The Pendragon Protocol Paperback
Part of the Devices Trilogy series
The Circle are the modern-day successors of the Knights of the Round Table.
Armed with the latest military hardware and operating from a hidden fortress on the South Bank, they protect 21st-century Britain from certain very specific threats - criminals who, like the Circle's own Knights, have characters from Arthurian legend living inside their heads.
Jory Taylor, the Knight bearing the device of Sir Gawain, has grappled on the Circle's behalf with mercenaries, serial killers and far-right terrorist cells. However, when he is captured by Gawain's traditional enemy the Green Knight, he discovers a new side to the myths he lives by - one which, as he learns more about this clandestine world, becomes both threateningly personal and terrifyingly political.
The legends of King Arthur are not the only stories with influence on the British psyche - and some of the others have their own, very different agendas.
A smart, contemporary political thriller and a new kind of urban fantasy, The Pendragon Protocol is the first volume in The Devices Trilogy.
Read more at http://devicestrilogy.wordpress.com/
- Format: Paperback
- Pages: 416 pages
- Publisher: Snowbooks Ltd
- Publication Date: 01/07/2014
- Category: Fantasy
- ISBN: 9781909679177
Showing 1 - 1 of 1 reviews.
Review by reading_fox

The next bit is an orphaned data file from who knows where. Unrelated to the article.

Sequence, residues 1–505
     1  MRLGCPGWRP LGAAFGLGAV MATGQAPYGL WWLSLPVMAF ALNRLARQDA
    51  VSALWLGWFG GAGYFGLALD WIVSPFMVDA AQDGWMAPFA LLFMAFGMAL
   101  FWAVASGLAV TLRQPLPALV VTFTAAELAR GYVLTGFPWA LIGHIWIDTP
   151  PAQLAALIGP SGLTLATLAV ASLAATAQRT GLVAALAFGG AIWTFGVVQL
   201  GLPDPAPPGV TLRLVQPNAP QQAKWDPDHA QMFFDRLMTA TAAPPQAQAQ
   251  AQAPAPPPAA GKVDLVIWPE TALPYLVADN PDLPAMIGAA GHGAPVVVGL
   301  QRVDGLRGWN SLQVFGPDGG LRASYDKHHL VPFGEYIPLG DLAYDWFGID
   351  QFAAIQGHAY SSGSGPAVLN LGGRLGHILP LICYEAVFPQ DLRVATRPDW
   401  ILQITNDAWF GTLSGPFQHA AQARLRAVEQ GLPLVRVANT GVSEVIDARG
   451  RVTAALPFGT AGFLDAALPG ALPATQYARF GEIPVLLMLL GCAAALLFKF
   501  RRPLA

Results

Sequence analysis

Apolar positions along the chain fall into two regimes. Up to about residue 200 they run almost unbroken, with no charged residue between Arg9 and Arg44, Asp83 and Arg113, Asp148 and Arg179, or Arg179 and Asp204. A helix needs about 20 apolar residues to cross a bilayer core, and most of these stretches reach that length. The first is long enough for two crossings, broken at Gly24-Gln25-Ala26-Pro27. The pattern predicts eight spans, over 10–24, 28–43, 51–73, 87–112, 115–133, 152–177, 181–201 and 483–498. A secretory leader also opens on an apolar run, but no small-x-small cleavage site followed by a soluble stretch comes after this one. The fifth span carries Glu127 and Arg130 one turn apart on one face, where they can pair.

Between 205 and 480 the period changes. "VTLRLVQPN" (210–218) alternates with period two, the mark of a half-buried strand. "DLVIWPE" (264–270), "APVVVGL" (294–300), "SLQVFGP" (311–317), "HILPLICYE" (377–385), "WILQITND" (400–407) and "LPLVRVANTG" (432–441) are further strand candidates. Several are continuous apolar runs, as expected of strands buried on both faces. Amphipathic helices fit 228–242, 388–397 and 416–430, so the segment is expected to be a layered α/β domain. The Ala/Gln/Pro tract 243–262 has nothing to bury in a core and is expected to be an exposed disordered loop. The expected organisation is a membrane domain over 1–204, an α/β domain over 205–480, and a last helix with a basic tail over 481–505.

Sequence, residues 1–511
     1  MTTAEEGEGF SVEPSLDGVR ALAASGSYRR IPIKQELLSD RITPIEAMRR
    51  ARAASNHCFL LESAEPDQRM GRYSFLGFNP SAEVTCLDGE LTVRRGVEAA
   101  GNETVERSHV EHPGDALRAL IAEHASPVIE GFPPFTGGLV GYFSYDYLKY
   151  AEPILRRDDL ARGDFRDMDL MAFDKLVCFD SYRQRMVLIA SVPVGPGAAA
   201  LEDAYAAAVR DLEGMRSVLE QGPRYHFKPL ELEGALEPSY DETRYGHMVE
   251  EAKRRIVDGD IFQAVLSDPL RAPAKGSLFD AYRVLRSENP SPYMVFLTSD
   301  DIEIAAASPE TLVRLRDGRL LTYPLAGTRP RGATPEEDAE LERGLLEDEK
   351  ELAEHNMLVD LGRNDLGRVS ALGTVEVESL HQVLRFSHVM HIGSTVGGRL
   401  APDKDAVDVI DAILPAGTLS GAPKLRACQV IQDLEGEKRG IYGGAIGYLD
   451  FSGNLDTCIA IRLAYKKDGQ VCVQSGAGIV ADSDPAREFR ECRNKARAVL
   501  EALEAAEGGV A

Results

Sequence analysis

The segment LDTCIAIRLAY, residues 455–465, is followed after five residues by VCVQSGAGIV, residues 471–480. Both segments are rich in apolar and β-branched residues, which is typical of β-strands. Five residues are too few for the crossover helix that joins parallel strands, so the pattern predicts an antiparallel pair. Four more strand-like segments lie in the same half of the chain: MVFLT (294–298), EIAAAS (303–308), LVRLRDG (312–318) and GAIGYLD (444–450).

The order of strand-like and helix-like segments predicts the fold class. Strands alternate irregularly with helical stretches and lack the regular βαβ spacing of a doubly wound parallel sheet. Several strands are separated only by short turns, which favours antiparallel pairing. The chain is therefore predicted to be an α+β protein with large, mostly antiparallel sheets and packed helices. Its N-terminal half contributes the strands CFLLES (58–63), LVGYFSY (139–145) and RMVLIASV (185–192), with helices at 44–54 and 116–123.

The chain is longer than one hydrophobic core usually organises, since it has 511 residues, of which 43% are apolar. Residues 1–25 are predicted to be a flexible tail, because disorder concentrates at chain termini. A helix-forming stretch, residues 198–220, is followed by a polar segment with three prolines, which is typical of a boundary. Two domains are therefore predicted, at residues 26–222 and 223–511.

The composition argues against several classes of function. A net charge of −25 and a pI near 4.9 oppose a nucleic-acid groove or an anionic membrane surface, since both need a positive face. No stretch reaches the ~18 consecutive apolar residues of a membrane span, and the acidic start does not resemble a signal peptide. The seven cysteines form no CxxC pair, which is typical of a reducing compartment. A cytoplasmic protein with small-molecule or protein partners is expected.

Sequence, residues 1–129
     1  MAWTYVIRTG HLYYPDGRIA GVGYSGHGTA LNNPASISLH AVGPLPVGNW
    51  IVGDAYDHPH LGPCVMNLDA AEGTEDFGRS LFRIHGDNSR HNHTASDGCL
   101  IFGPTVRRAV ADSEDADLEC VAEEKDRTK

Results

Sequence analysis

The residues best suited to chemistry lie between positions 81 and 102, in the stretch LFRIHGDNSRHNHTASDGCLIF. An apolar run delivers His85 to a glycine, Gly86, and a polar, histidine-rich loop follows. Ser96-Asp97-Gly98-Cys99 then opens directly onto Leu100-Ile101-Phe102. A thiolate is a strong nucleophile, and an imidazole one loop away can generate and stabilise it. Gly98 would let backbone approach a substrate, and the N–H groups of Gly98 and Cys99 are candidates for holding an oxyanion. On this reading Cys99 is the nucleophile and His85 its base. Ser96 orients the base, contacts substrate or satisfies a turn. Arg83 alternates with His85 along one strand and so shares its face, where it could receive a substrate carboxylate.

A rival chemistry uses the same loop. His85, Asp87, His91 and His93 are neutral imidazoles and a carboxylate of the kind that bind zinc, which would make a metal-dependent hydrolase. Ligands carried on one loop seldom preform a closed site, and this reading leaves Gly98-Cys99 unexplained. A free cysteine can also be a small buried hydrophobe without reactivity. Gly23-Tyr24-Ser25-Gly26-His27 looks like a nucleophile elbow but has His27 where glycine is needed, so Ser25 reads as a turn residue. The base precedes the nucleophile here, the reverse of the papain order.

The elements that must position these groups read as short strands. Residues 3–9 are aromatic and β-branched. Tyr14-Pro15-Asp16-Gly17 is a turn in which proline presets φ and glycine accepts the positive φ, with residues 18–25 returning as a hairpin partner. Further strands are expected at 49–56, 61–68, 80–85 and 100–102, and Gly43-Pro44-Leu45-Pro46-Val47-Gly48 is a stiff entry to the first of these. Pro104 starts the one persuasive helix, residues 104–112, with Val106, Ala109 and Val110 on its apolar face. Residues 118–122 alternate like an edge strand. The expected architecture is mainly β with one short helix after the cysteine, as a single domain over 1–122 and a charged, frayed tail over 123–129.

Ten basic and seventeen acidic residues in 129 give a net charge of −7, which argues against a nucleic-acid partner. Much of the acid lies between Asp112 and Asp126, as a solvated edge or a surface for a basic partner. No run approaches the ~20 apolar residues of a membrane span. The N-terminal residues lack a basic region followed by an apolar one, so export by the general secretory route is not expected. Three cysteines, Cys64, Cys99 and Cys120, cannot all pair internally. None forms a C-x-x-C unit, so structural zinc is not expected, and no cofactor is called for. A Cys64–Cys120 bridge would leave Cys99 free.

Wonderful. Excellent fun and fully deserves to be a best seller. An inventive and modern re-imaging of the Arthurian legends with some delightfully cynical commentary around the edges. Without wanting to give too much away - even though one of the most interesting ideas only occurs a third of the way into the book - Jory is a modern Knight of the Circle. He's currently bearing the Device of Sir Gawain, and the Circle is responsible for upholding the honour of all devices within the UK - a somewhat limited remit that prevents them from being overworked, and allows a certain freedom of action to decide what cases to become involved in. The nature of a 'device' is poorly explained, the ambiguity being part of the essential nature of the plot, but most times it can be thought of as the memetic representation of a major folkloric story figure. The Circle believes it can trace them all back to the tales of Arthur and his knights' various foes. The beginning third of the book jumps around a lot describing Jory's current situation, and how he became aware of the Circle and infused with Sir Gawain. Eventually the plot becomes more linear as Jory begins to realise that the world is lot more complicated than he thought, and that perhaps not all the devices belong to Authurian canon. The central issues of the effectiveness of an Old White Man's club versus the gorilla action of a less rule bound group is an old theme, but well carried through. There are a couple of areas I didn't like - the interleaved story lines told out of time, and the somewhat expositional infodumps of the less well known (invented?) parts of the arthurian tales. This is hard to avoid, as the plot already relies more than is likely to be widely the case of familiarity with the details of the knights of the round table, but by presenting these less well known ones as page long tales in the middle of the plot, the whole story is slowed down considerably. i was impressed with the tempered use of 'but that's a story for another day ' which is the traditional bardic ending to any tale, that I've seen overused. Here it worked very well - although of course such stories aren't ever completed which also annoys a little bit.Generally however it is great. The voice of Dale the Tale carries the story in an odd almost third person voice that works very well, managing to avoid common sin of 'telling' rather than 'showing'. the magic is inventive and fun, the characters believably complex - with a certain duex et machina of the Devices to fall back upon when they make 'obvious' errors. I found the beginning a lot more fun than the end, and it isn't quite clear where the trilogy is going - another plus of the careful plotting is that it is not as predictable as you might at first expect!Overall well worth reading, inventive imaginative, enjoyable and clever. What more do you want?